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  • Writer's pictureJenny Rozelle, Host of Legal Tea

Cautionary Tales - Estate Planning After a Divorce - Episode 90

Hey there, Legal Tea Listeners –This is your host, Jenny Rozelle! Today’s episode of Legal Tea is a cautionary tale, where we talk about real-life cases with real-life clients with real facts – they’re things me or my office have worked on. For today’s episode, we’re going to be talking more about a general topic, but talking about the topic and its takeaways by sharing a “cautionary tale” – the topic we’re going to be talking about is estate planning after a divorce. And honestly, things someone, after a divorce, need to think of and proactively do. So, let’s get into it … let’s get into today’s cautionary tale.

To set things up, there are really three people involved – and let’s name them Steve, Barbara, and Heidi. Steve and Barbara were once married, and Heidi is Steve’s daughter. And to clarify and confirm, Heidi is NOT Barbara’s biological child. Now, Steve and Barbara got married several years ago (like in the mid-1990s), and to be honest, Steve and Barbara had a fairly estranged relationship with Heidi – for very personal and very specific reasons. Fast forward to just a few years ago, divorce was filed for and both Steve and Barbara had attorney represent them through the dissolution of their marriage. Part of the process, of course, was coming up with an agreement on how assets and things were divided. Ultimately, that was decided and a Settlement Agreement was signed and filed with the Court.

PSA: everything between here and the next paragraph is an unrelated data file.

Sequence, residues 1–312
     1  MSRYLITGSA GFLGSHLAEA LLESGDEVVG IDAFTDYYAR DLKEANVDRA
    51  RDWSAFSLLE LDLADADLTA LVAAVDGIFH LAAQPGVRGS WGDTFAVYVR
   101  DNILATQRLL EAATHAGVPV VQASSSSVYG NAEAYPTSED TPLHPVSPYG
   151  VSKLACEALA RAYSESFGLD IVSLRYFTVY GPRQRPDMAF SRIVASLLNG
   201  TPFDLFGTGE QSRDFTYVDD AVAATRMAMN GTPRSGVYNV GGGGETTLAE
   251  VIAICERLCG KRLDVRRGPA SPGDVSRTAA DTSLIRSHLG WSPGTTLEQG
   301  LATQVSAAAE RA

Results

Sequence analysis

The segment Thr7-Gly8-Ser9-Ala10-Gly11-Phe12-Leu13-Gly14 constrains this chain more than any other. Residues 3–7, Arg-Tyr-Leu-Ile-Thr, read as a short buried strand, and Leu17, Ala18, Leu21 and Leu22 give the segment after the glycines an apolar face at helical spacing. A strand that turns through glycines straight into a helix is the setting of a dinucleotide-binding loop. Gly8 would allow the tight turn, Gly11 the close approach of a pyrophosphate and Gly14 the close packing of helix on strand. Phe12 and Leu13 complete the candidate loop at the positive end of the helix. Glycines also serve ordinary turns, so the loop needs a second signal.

Now, part of the Settlement Agreement, there was a section called “Waiver of Beneficiary Status, which is going to be really important to remember as we dive into this story. In this Waiver of Beneficiary Status, the provision that they agreed to was as follows:

“Each party waives any beneficiary interest that he or she may have in any life insurance policies, annuities, brokerage accounts, pay-on-death bank accounts, individual retirement accounts, or other instruments containing a beneficiary designation that are now owned by the other party.”